Movies

Examining Digital Media Habits in 2022

BPT

Despite the sizable content budgets of streaming video on demand (SVOD) services, consumers are growing more frustrated with SVOD content discovery and subscription fees. SVOD services often require consumers to juggle multiple subscriptions at increasing costs. But on social media platforms, content discovers the user, offering free passive and interactive experiences with near-infinite streams of personalized content that are continuously refined.

‘Nitram’ Is a Devastating Portrait of Isolation and Violence

D.M. Palmer

Nitram is distinguished by three outstanding but contrasting central performances. Jones has become a screen presence who evinces vulnerability and unease in equal measure, and he is sensational here. Jones conveys an inner world of rage and confusion with tremendous subtlety, lending a tragic gloss to Nitram’s childlike simplicity and blundering attempts at social engagement. It is a frank and fearless portrayal of mental illness left to its own devices.

The Satirical Story of MoviePass, as Told by Comedians

Ben Friedman

Gelfand and Roth-Rose have a natural on-air chemistry. Their jokes are quick-witted and the story is well-written. They do a great job of basing the podcast in reality for the first few episodes, allowing audiences an understanding of the history of MoviePass and its founders. In doing so, it allows the ridiculous nature of the story unfolding to feel grounded and based in reality.

Can the Golden Globes Make a Comeback?

Forrest Hartman

The controversy over the Golden Globes continues. But can the Globes make a comeback? In a new Highbrow Magazine video, longtime Highbrow Magazine writer and respected academic Forrest Hartman discusses the ongoing controversy surrounding the Hollywood Foreign Press Association, and wonders when and how the Golden Globes will regain the respect of the industry.

Studios Should Respect Filmmakers’ Vision and Not Restrict Their Artistic Efforts

Garrett Hartman

Some have blamed Whedon for the failure of the original film. However, many of the fixes to the film's biggest issues come in the form of the two hours of additional footage. It seems unlikely that Warner Bros. would have approved sending out a four-hour film regardless of which director was behind it. The problem with Justice League was never Whedon or Snyder; the problem was with Warner Bros. itself. 

‘Lapsis’ Paints a Picture of a Realistic but Grim Future

Ulises Duenas

While director Noah Hutton does a great job of illustrating the world he’s created through small scenes that show you how disingenuous the cabling company is and how desperate people are to make some extra cash, the film is still lacking. On one hand, Hutton replicates the dialogue and actions of human beings quite well. On the other, he does it so well that it becomes dull. The whole movie feels like a pilot to the miniseries.

Wars Fought, Scores Settled in Oliver Stone’s ‘Chasing the Light’

Lee Polevoi

The child of a doomed marriage, Stone vividly describes the domestic turmoil of his early years in New York and Connecticut. The restless son of a stockbroker and a vivacious French woman, Stone attended Yale, but dropped out and enlisted in the Marines at the height of the conflict in Vietnam. His experiences there, together with a sobering return to the States, were channeled into the making of Platoon, which remains among his signal achievements.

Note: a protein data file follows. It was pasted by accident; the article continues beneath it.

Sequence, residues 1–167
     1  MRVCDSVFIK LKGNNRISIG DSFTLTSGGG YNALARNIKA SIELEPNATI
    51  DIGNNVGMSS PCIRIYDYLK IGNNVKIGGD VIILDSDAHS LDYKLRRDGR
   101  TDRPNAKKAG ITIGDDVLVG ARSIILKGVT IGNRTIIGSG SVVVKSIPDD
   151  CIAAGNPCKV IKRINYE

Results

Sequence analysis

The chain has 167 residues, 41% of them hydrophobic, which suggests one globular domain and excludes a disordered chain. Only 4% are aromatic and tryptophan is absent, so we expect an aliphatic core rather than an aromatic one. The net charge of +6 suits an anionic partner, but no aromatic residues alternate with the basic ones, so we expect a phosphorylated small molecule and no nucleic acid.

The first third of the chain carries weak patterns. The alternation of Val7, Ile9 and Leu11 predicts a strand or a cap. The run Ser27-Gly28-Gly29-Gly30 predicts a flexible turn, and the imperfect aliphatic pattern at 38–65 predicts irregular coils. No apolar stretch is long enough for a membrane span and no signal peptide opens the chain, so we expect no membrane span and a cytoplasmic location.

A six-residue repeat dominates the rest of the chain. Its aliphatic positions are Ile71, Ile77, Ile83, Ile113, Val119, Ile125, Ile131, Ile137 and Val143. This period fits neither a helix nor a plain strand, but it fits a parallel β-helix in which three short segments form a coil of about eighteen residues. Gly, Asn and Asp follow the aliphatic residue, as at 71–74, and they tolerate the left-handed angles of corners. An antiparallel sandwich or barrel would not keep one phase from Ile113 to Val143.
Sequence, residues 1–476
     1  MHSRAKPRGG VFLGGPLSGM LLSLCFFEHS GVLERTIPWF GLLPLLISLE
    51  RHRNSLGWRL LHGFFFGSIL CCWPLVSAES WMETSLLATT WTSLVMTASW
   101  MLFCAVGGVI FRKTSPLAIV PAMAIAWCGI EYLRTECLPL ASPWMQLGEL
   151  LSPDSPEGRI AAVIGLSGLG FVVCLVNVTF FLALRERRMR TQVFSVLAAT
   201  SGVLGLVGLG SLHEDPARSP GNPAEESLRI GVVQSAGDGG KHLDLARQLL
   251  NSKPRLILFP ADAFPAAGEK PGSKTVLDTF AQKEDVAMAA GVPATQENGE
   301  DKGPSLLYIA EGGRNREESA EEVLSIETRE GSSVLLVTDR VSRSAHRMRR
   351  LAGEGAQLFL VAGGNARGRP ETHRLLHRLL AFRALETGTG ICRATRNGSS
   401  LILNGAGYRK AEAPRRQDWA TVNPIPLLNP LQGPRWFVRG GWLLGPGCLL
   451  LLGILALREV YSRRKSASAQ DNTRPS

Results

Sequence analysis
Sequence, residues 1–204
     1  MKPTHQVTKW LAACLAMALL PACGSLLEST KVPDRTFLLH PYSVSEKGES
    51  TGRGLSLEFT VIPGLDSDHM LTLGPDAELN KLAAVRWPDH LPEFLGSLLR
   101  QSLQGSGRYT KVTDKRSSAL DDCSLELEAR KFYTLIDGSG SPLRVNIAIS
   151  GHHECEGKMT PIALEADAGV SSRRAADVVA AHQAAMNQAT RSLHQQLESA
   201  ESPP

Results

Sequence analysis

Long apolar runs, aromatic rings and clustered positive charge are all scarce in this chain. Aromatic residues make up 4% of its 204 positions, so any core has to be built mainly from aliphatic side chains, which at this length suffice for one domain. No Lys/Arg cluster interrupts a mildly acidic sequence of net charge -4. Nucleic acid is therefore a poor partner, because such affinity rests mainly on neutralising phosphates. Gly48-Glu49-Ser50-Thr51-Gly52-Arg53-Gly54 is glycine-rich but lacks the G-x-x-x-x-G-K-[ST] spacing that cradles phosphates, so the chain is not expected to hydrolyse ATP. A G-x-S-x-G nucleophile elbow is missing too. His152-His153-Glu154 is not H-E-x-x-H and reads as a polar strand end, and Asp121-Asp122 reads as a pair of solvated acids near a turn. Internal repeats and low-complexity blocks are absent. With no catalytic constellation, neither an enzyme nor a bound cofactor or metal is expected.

A Day in the Life of a Film Critic

Tara Taghizadeh

There have been other changes as well, and I ultimately see most as neutral. It’s easy to say, “Films used to be better,” or, “They don’t make ’em like Gone With the Wind anymore.” But it’s important to remember that we tend to view film history with rose-colored glasses. We remember the gems and forget all the trash. Today, we have more content than ever before and — accordingly — more garbage. But we also see a number of really fantastic movies released every year. 

Buyers Jockey for Indie Films at Sundance

Piya Sinha-Roy and Lisa Richwine

Evolving movie-watching habits have brought new buyers in recent years, with Netflix and Amazon.com Inc leading the march of digital outlets to Sundance. The streaming services had started to outbid Weinstein Co for standout films. Filmmakers prospered as Amazon paid $12 million for “The Big Sick” and Netflix paid $12.5 million for “Mudbound” in 2017. This year, it was unclear whether those outlets will replace Weinstein as the pacesetters.

'The Greatest Showman' and the Problem of ‘Exploitainment’

Adam Gravano

The Greatest Showman takes the second perspective. These aren't just “freaks.” Yes, the draw is their perceived defects and differences, but what would they be without them? Why shouldn't they take pride in these and showcase them to the world? Is this even right? Is it being done in such a way as to appeal to the coarse and base in us? The question should remain unanswered, as there's plenty of exploitative media to go around for the able-bodied and sound of mind as well: every cable news confrontation, the entire reality television niche, and the revelations of #MeToo lay bare an industry to which Barnum would hardly be a stranger — perhaps even unreconstructed. 

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